Monolith Reactors in Three-Phase Processes
Doctoral thesis, 1995
The use of monoliths in chemical processes has been studied with the emphasis on liquid-phase hydrogenations. A monolithic catalyst consists of many narrow, parallel channels with catalytically active species either incorporated into the wall itself or into a layer of a porous oxide deposited on the wall (a washcoat).
The hydrodesulfurization of dibenzothiophene (DBT), which was taken as a model for sulphur containing molecules in heavy petroleum fractions, was studied on a CoMoS catalyst supported on a .gamma.-Al2O3 monolith at 6-8 MPa and 543-573 K. The experimental data were found to be consistent with a Langmuir-Hinshelwood type of rate model assuming two different active sites. In another set of experiments, the selective catalytic hydrogenation of acetylene in the presence of a liquid solvent was studied. Industrially a gas phase process with a Pd/.alfa.-Al2O3 catalyst is used. The introduction of a liquid solvent serves the dual purpose of continuously removing both heat and green oil. Green oil is a catalyst fouling byproduct formed by hydropolymerization of acetylene.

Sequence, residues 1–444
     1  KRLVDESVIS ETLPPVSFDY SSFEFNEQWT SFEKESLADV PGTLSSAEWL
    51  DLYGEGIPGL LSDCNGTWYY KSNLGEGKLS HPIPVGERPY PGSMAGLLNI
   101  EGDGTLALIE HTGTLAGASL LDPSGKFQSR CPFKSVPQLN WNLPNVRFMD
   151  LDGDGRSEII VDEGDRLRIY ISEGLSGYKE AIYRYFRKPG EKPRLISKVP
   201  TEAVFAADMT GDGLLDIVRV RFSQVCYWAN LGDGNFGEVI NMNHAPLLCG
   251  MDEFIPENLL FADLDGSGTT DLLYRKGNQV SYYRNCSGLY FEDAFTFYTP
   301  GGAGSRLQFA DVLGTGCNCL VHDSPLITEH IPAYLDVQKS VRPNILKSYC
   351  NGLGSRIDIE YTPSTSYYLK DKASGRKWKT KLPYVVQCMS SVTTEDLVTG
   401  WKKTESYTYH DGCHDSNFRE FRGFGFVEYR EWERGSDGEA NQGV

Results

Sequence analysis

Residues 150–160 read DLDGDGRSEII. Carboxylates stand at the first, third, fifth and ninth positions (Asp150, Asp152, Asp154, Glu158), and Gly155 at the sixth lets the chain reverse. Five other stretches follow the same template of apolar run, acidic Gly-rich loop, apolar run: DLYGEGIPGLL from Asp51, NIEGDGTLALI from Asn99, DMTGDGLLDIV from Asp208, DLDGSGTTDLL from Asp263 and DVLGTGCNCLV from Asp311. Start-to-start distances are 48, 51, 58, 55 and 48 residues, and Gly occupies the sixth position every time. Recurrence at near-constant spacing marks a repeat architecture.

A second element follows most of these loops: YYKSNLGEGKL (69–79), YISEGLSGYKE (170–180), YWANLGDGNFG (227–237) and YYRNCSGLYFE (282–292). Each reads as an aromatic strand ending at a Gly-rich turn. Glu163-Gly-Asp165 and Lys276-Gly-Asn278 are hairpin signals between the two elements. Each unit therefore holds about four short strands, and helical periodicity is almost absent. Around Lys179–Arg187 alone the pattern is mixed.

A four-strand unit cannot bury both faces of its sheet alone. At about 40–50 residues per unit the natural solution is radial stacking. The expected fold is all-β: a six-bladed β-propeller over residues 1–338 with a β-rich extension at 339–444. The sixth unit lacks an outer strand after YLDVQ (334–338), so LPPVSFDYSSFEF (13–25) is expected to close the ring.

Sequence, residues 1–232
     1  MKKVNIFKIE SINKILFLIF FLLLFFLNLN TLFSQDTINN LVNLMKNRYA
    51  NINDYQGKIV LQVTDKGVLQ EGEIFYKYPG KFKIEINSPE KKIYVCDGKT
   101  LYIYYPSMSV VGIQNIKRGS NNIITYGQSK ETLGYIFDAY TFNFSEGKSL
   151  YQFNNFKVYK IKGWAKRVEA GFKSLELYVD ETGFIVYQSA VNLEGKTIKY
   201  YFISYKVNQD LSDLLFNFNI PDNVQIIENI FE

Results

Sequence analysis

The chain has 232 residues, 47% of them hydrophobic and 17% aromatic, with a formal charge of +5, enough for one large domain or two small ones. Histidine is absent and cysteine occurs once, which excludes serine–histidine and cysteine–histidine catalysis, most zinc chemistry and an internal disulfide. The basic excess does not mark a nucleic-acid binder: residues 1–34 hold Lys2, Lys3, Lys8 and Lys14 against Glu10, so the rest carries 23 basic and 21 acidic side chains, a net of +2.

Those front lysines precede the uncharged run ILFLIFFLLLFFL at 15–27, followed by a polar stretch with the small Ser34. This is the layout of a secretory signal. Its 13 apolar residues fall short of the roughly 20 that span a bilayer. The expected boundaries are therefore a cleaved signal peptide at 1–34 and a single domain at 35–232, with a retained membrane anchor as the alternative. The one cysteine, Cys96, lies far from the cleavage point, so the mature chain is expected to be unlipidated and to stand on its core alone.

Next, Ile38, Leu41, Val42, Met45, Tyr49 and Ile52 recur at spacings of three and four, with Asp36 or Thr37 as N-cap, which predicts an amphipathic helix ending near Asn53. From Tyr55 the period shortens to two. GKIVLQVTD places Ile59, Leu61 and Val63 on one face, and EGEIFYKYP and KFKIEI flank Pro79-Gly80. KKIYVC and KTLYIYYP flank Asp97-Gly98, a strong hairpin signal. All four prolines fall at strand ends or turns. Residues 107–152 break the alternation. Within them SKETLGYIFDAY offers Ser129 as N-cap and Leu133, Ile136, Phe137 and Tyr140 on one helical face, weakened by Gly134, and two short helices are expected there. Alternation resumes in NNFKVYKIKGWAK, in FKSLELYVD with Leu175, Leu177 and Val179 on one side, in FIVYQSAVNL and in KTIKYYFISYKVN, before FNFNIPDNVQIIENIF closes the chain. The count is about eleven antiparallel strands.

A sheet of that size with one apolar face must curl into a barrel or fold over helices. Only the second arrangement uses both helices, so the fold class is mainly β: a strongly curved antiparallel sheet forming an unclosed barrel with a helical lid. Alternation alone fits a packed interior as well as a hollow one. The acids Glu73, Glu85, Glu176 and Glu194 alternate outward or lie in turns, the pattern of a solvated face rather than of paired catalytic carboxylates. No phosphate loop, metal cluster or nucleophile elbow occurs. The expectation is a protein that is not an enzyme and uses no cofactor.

Mathematical models describing monolith reactors were developed and used to evaluate different designs of monolith reactors. To better account for the non-uniform distribution of active material, typical of washcoated monoliths, a method for estimating effectiveness factors was developed. Computer simulations were then used to make comparative studies of monolith and conventional trickle-bed reactors. The liquid-phase methanol synthesis was taken as a case study. A more general comparison was also carried out, indicating that a monolith can be advantageous for relatively fast reactions, especially when high pressure drops must be avoided.
The cocurrent flow of gas and liquid in a vertical channel has been analyzed on a more detailed level by using Computational Fluid Dynamics (CFD). A moving boundary formulation of the Finite Element Method (FEM) was used to analyze the deformation of large gas bubbles. The influence of gravitational, capillary, viscosity and inertial forces on the bubble shape and the thickness of the liquid film surrounding the gas bubble were analyzed. In addition, it was shown that it is possible to form a stable, toroidal gas bubble if the liquid viscosity is very high; this unusual flow pattern is termed stalactite flow.
computational fluid dynamics